5 Interview Tips for New Teachers



You were ecstatic when you got the phone call, but that initial euphoria seems like a lifetime ago. You are now sitting in a waiting area where your nerves, rising like a tidal wave, are threatening to sabotage the moment.  Your heart is racing, your palms are sweating, and your foot is oscillating like a hummingbird’s wing as it bounces back and forth against the carpet.

It doesn’t have to be this way. While butterflies are typical before an interview, there are several strategies you can utilize to minimize nervousness and maximize positive energy.


“One important key to success is self-confidence. An important key to self-confidence is preparation.” – Arthur Ashe

While many people view interviews as high-stakes experiences, look at it through a different lens – it’s an incredible opportunity to showcase your skills. To do this, you need to reframe anxiety as excitement. It may seem trivial, but this mindset shift, known as anxiety reappraisal, produces tangible results.
You must also believe you are capable of performing well, and to do this, preparation is required. Top athletes do not merely show up and hope for the best. They prepare mentally, physically and emotionally to deliver a top performance. You need to do the same. Make a list of probable questions and rehearse your answers. Record yourself and note your demeanor, tone, clarity, and confidence in delivering these answers. Have friends and family interview you as well. Of course, you will receive unanticipated questions, but your training will help reduce your overall stress.

Social Media

Review your social media before applying for your dream job. If it does not reflect the life of a professional educator, then you need to clean it up now! Every day in our great country, a promising young professional misses out on a job because of their digital footprint. You have a right to post what you want, but schools also have a right not to hire you if your social media reflects the life of someone who seems unreliable, crass, and irresponsible.
You should also perform a Google search on yourself and review your state’s court/case history website. Most schools will review this information, and you need to ensure what they discover is favorable.

Dress for Success

Schools know you have been subsisting on ramen noodles for the past four years. Nevertheless, what you wear to the interview is important. Nice interview attire communicates that you believe the job is important and you are ready to take the next step as an emerging young professional.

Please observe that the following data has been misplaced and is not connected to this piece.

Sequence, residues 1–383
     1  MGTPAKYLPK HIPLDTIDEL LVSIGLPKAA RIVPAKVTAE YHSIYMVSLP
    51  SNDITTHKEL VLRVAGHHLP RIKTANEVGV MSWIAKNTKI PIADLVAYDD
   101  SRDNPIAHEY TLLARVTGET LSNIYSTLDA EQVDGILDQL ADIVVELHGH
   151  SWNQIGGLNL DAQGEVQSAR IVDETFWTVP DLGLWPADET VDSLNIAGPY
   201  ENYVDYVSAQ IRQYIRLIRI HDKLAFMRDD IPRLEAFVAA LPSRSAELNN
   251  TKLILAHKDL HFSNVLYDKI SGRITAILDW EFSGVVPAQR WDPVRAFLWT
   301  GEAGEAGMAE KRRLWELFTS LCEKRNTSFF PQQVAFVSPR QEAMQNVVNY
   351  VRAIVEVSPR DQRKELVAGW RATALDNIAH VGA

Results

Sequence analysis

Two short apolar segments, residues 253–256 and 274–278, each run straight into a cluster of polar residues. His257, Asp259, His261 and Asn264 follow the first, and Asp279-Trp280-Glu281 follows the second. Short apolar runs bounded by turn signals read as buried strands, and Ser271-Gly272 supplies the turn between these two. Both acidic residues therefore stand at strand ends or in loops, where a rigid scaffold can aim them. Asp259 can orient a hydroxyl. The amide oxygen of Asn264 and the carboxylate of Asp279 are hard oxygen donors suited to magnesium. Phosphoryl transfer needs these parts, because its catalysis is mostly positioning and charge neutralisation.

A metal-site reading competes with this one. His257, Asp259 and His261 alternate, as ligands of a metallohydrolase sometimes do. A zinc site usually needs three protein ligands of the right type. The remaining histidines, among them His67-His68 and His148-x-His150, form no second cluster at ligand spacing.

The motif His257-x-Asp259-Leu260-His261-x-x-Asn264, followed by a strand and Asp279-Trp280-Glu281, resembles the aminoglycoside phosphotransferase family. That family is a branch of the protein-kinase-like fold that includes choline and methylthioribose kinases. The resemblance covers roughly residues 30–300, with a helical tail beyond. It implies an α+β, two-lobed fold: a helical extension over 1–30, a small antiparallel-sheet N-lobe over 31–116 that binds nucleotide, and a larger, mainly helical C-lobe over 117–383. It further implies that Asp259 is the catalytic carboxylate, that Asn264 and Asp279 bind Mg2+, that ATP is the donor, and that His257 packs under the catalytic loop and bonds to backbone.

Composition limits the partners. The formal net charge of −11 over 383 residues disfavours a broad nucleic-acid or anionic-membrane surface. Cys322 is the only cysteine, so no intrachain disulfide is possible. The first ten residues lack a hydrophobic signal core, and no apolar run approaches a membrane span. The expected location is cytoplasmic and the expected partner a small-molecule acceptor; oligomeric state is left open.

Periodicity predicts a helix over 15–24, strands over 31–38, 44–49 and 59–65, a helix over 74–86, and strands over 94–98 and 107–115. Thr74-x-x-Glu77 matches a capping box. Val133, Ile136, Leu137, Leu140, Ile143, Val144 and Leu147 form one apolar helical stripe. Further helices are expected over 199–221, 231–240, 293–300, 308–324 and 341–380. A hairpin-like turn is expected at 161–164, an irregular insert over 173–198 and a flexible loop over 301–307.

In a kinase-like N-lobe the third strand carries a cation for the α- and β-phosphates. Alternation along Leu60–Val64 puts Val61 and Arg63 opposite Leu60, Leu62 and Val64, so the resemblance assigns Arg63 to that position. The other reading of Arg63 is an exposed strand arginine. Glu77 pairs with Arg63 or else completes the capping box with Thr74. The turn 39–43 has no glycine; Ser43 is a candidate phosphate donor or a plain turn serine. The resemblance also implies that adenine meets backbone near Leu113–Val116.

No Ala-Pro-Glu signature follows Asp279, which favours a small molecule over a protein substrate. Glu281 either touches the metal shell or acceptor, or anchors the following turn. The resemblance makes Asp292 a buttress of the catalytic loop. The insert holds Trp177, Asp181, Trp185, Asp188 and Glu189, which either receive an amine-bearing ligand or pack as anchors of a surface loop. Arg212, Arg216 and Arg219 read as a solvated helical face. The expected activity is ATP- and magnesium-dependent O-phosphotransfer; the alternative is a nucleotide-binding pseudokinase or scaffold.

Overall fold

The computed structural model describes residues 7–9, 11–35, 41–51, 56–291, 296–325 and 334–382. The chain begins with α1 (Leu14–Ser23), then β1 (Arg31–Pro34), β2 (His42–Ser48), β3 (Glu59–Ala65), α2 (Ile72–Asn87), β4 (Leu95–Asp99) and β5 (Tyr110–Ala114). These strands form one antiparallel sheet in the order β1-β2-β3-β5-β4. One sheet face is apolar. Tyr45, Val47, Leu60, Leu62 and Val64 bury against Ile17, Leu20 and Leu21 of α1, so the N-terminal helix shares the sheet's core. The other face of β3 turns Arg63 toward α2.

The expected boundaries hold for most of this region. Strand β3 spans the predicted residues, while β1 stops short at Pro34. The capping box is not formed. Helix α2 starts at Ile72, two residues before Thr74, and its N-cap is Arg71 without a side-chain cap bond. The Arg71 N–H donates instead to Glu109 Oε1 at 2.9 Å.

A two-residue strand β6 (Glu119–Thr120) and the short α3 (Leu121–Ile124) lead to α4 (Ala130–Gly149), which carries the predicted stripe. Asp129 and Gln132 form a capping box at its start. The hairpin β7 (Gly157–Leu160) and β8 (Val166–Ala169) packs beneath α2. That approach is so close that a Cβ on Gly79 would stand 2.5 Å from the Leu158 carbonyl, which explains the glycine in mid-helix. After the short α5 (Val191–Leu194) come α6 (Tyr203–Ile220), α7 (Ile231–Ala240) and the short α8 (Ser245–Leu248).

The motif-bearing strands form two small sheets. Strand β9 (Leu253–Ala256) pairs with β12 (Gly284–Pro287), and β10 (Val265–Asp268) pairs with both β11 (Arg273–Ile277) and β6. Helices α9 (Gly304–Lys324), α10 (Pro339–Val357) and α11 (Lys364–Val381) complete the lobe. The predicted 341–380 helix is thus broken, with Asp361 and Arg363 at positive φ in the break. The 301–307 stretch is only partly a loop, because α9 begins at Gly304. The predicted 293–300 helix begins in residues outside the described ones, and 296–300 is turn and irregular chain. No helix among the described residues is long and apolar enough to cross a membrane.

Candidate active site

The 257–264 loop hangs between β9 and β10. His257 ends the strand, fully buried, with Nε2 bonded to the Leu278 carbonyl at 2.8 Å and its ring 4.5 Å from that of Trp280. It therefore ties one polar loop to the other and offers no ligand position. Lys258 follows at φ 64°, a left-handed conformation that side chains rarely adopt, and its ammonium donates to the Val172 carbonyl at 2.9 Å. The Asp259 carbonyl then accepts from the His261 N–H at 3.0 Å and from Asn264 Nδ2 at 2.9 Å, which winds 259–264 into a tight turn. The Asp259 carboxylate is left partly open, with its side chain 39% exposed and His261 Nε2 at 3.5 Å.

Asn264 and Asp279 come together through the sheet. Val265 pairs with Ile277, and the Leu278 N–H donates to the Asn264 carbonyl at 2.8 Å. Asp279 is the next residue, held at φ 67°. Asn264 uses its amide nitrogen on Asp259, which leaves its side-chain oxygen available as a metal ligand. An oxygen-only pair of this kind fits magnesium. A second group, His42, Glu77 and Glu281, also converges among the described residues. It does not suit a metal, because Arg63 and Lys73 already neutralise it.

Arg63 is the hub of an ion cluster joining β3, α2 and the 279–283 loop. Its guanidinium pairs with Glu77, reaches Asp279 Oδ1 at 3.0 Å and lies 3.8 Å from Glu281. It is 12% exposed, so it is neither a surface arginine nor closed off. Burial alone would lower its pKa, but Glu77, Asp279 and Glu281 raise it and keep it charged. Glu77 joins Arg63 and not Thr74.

I know spending money you don’t have seems counterintuitive, but think of it as an investment. A $300-$400 outfit can help you land a $40,000 a year job.

Apply to Multiple Schools
Most likely, you have circled one or two schools as your dream destinations. While this is understandable, you should also expand your options and apply to many other districts. Remember, your goal is to get a job and begin your professional career. You may not receive your dream job right out of college, but you might land the job you need. Over the past few years, I have been shocked by the number of students who only apply to a few districts.
Keep an open mind when applying to schools and view them as opportunities to begin your professional career. You are not settling; you are embracing an opportunity to improve your professional practice and help some great kids in the process.

Be Yourself

“To be yourself is all that you can do.”- Audioslave

It is tempting to say what people want to hear, but you need to ensure your unique voice is present during the interview. You will never be your best pretending to be someone else, and while adjusting your persona can help you land a job,  it is also a mistake. You don’t want a job where your personality, values, and talents are a poor fit. Be yourself to ensure that your future employer can fully utilize the attributes that make you unique.

Embracing your identity and voice will allow you to enter the interview with confidence. You are not pretending to be someone else; you are happy with who you are and what you represent. Remember, the stage is not too big for you. Your hard work has earned you this opportunity. Embrace it and enjoy the moment.

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